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by his side a little. The maiden granted him this favour, and thereby got possession of the history of the Storm Fiend's talisman, "On the surface of the seventh sea," began the Dew, "there is a large island; on this island is an ox grazing; in the ox's stomach is a golden cage; in the cage is a white dove. That little white dove is my talisman." "But how can one get to this island?" asked the Sultan's daughter.

"In this way," said the Dew: "opposite the palace of the emerald anka is a high mountain; on the top of this mountain is a spring. From this spring forty sea-horses drink once a day. If anyone can be found clever enough to kick one of these horses while it is drinking, he can saddle and mount it, and it will take him wherever he wishes to go."

"Of what use is this talisman to me," asked the maiden, "if I cannot once get near it?" She drove the Dew out of her chamber and hastened to her husband with the news. The Prince quickly mounted his steed, went back to the palace of his youngest sister, and related the affair to the anka.

Early next day the anka called five birds. "Take the Prince to the spring on the mountain," he bade them, "and wait there till the magic sea-horses appear. While they are drinking catch one of them, strike it, saddle it, and put the Prince upon its back before it has time to take its head out of the water."

The anka's subjects picked up the Prince and carried him to the spring. As soon as the horses arrived the birds did exactly as the anka had ordered them. The Prince found himself on the back of the steed, whose first words were: "What is your command, my dear master?"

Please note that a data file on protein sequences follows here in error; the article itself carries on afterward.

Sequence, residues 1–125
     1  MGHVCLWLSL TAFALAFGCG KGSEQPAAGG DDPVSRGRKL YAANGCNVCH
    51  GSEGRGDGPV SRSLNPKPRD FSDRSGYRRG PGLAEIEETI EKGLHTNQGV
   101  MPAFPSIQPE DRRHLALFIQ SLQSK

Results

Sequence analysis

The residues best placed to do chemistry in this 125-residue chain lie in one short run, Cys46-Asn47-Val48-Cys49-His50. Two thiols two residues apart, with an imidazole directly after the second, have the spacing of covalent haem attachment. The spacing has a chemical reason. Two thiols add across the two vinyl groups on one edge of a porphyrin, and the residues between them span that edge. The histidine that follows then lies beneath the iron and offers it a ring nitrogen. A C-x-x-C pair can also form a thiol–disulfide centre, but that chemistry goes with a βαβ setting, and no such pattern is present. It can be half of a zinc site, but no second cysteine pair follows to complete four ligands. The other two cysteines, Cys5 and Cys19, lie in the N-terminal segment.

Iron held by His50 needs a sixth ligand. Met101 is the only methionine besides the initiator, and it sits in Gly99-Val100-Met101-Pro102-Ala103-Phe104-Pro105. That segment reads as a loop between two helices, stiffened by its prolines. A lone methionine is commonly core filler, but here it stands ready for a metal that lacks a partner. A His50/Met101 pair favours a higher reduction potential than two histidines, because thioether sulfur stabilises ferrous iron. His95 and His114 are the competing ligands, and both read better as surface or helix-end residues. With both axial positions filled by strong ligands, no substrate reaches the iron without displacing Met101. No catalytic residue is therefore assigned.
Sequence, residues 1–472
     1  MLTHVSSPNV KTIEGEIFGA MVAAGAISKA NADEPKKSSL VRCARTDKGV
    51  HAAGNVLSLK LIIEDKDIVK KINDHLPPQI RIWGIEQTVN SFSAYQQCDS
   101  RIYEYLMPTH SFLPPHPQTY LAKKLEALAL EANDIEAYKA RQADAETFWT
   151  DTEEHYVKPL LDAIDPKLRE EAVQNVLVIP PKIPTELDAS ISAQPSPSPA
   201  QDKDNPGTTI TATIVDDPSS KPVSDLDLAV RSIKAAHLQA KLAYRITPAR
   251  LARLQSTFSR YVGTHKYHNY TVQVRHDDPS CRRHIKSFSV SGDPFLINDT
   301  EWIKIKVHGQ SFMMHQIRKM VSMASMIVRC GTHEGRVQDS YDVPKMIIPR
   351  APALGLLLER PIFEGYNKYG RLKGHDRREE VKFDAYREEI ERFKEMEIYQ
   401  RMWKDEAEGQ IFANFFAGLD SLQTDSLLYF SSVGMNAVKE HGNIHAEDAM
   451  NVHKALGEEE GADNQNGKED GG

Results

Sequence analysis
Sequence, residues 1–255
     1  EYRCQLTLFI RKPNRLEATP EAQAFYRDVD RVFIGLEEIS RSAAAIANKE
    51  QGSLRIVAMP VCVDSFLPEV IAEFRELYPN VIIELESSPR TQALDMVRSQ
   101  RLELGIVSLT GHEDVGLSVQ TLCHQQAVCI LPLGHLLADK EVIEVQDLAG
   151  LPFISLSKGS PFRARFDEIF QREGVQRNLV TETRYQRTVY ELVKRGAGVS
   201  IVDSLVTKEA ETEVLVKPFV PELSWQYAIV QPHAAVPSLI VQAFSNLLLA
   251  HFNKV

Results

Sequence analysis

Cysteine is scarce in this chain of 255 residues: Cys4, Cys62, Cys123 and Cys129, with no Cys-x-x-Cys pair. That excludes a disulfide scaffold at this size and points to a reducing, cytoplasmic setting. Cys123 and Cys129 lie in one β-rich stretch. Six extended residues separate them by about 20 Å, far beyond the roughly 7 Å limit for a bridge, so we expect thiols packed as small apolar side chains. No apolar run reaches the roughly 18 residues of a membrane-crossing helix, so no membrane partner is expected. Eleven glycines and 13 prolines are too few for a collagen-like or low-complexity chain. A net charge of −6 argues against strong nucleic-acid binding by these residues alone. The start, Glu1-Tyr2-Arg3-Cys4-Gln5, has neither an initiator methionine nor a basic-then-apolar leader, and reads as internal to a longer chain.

"On the surface of the seventh sea there is an island. I wish to go there," said Mahomet.

With "Shut your eyes!" the Prince flew through space; with "Open your eyes!" he found himself on the shore of the island.

Alighting from his horse and putting the bridle in his pocket, he went in search of the ox. Strolling about the island he met a Jew, who asked him how he had got there.

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The had just enough time to do it
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The had just enough time to do it

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"I have been shipwrecked," answered the Prince; "the ship went down, and it was only with great difficulty that I managed to swim here." "As for me," said the Jew, "I am in the service of the Storm Fiend, who has an ox here, which I guard day and night. Would you like to be my servant? All you have to do is to fill this trough with water every day."

HE Prince availed himself of the opportunity and was eager to get a glimpse of the ox. The Jew took him to the stall, and as soon as Mahomet was alone with the animal, he slit its stomach, took out the golden cage, and went with all speed to the shore. Pulling the bridle out of his pocket, he struck the waves therewith and his horse immediately appeared and carried him to the Storm Fiend's palace." The Prince lifted his wife up beside him and ordered: "To the emerald anka."

They arrived at the anka's palace just as the Dew awoke from his sleep. Seeing that the Princess was gone, he hastened after them. The Sultan's daughter felt the wind of the Dew, and knew that he had nearly over taken them. At this crisis the magic horse cried out to them to cut off the head of the dove which was in the cage. They had just enough time to do it; a moment more and it would have been too late! The wind suddenly ceased, for the fiend was now destroyed.

Full of joy they entered the palace of the anka, released the magic horse and left it to rest. Next day they went to the second sister, and on the third day to the third sister. The Prince now made the pleasing discovery that his lion brother-in-law was king of the lions and his tiger brother-in-law king of the tigers.

Finally they came to the Princess's own home. Their wedding was celebrated afresh for forty days and forty nights, after which they went to the Prince's kingdom. There he showed the dragon's ears and nose, and as he had fulfilled his father's wish he was elected Padishah. Afterwards Mahomet and his wife lived and reigned together in happiness until the end of their days.